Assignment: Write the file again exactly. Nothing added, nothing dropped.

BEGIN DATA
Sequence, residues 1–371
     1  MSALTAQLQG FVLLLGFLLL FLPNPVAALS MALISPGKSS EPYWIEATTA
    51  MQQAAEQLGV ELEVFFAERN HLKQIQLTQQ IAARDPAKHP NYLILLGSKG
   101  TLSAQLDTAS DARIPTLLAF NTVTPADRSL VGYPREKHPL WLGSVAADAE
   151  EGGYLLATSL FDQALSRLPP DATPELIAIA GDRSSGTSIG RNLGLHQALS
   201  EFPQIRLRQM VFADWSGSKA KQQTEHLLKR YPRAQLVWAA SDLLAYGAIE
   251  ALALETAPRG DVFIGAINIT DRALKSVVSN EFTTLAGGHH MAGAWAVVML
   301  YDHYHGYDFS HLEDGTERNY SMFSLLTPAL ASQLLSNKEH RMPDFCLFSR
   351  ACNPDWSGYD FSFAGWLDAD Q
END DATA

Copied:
Sequence, residues 1–371
     1  MSALTAQLQG FVLLLGFLLL FLPNPVAALS MALISPGKSS EPYWIEATTA
    51  MQQAAEQLGV ELEVFFAERN HLKQIQLTQQ IAARDPAKHP NYLILLGSKG
   101  TLSAQLDTAS DARIPTLLAF NTVTPADRSL VGYPREKHPL WLGSVAADAE
   151  EGGYLLATSL FDQALSRLPP DATPELIAIA GDRSSGTSIG RNLGLHQALS
   201  EFPQIRLRQM VFADWSGSKA KQQTEHLLKR YPRAQLVWAA SDLLAYGAIE
   251  ALALETAPRG DVFIGAINIT DRALKSVVSN EFTTLAGGHH MAGAWAVVML
   301  YDHYHGYDFS HLEDGTERNY SMFSLLTPAL ASQLLSNKEH RMPDFCLFSR
   351  ACNPDWSGYD FSFAGWLDAD Q